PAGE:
We report on laboratory experiments designed to explore the fundamental processes that impact fluid permeability during drilling and fluid injection. Coupled ultrasonic and permeability measurements are presented for Westerly granite samples fractured in situ and used to illuminate the relationship between nonlinear dynamic stiffness and fracture permeability indexed via fracture aperture. We perturb the effective stress field using normal stress and pore pressure oscillations. The velocity of ultrasonic waves transmitted across the fracture is used to infer the evolution of elastic properties and the fracture nonlinearity. Changes in permeability are measured concurrently. We observe that relative changes in wave velocity and permeability, due to both normal stress and pore pressure oscillations, are correlated, such that larger drops in wave velocity (higher nonlinearity) correspond to larger increases in permeability. Our observations suggest that dynamic stressing is more likely to enhance the permeability of fractures that exhibit greater nonlinearity.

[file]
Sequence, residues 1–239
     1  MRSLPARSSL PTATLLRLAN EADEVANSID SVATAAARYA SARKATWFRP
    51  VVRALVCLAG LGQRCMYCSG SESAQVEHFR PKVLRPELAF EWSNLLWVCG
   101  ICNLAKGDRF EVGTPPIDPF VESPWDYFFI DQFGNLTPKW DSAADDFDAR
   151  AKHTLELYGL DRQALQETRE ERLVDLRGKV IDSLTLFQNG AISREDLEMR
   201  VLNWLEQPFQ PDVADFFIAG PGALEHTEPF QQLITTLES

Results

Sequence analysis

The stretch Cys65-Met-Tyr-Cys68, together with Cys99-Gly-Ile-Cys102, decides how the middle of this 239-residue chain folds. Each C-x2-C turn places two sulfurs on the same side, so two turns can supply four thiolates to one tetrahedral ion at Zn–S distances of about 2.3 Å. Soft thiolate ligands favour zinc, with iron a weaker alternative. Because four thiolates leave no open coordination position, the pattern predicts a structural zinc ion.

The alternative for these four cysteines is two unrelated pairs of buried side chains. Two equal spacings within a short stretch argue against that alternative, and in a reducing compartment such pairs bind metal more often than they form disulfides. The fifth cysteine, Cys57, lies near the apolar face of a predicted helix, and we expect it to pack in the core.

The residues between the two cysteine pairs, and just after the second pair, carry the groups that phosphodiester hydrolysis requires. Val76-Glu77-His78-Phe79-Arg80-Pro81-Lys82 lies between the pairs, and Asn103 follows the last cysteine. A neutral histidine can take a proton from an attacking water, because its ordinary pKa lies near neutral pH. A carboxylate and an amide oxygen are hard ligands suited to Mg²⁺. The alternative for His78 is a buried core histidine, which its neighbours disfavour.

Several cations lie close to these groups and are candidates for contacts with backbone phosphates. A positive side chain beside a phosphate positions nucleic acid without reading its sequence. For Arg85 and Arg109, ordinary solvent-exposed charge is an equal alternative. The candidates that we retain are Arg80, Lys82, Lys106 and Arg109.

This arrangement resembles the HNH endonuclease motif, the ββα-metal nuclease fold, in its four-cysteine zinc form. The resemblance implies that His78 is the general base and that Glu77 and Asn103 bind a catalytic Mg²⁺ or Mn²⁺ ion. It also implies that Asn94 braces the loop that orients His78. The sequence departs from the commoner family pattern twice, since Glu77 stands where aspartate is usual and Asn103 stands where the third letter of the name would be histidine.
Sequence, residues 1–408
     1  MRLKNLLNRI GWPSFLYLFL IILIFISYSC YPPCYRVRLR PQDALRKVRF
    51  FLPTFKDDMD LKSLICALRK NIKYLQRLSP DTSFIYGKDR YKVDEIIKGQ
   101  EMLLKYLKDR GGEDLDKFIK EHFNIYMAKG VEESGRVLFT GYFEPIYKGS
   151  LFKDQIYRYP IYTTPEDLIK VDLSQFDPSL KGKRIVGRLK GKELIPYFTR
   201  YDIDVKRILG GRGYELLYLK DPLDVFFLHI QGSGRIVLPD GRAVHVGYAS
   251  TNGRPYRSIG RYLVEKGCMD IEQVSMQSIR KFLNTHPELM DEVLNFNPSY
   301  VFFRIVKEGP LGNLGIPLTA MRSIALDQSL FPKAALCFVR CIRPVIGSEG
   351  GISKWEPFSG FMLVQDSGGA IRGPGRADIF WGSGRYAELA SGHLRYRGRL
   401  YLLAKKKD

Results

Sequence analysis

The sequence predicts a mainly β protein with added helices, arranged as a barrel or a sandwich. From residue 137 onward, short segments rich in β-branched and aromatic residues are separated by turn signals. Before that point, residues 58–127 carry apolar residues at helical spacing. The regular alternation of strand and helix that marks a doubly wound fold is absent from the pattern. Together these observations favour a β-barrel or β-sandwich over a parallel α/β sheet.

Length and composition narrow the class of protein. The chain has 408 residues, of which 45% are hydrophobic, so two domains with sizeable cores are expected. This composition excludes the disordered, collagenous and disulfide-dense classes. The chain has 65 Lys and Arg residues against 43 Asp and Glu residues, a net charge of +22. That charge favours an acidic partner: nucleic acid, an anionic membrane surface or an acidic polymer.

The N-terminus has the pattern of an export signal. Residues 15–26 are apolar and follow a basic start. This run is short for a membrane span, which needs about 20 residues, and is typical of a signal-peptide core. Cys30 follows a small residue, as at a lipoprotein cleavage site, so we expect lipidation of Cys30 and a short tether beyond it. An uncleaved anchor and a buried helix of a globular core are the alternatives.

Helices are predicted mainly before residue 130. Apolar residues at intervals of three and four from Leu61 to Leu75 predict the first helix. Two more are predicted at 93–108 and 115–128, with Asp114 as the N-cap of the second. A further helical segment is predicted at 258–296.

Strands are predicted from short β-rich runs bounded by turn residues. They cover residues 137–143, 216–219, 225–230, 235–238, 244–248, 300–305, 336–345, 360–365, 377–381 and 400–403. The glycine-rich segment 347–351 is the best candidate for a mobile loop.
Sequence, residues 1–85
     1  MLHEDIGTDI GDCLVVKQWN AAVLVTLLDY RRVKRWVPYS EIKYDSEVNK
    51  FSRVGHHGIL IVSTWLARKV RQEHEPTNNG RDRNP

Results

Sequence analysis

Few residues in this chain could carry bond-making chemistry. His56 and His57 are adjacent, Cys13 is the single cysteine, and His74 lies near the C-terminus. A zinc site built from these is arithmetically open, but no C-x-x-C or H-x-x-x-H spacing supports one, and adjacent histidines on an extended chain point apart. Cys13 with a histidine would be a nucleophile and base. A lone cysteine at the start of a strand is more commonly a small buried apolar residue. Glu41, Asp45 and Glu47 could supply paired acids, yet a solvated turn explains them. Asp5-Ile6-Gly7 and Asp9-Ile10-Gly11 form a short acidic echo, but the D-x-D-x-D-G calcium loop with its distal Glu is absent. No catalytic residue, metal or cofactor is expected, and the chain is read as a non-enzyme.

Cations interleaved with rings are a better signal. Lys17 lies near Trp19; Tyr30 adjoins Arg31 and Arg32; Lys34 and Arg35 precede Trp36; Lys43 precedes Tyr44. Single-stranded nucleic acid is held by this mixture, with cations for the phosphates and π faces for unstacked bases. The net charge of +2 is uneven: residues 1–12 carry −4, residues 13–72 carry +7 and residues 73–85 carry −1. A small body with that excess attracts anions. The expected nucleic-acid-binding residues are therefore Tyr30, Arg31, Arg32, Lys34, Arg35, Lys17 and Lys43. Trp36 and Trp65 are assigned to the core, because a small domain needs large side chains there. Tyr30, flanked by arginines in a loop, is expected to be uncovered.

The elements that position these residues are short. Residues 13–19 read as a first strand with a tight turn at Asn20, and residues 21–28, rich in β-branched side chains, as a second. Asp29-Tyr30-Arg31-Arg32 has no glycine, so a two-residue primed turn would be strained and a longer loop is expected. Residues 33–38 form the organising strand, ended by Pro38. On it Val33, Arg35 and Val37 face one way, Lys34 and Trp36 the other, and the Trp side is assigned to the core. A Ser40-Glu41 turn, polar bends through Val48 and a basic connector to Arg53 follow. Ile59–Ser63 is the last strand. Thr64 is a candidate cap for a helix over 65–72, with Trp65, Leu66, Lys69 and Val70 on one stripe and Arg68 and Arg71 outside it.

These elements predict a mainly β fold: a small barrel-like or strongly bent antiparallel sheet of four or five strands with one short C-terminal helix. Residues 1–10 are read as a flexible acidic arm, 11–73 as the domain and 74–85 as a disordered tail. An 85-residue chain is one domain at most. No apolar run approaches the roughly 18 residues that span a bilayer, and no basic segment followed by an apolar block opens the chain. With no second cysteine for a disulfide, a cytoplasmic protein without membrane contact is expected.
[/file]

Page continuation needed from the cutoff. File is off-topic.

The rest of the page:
All Science Journal Classification (ASJC) codes
- Earth and Planetary Sciences(all)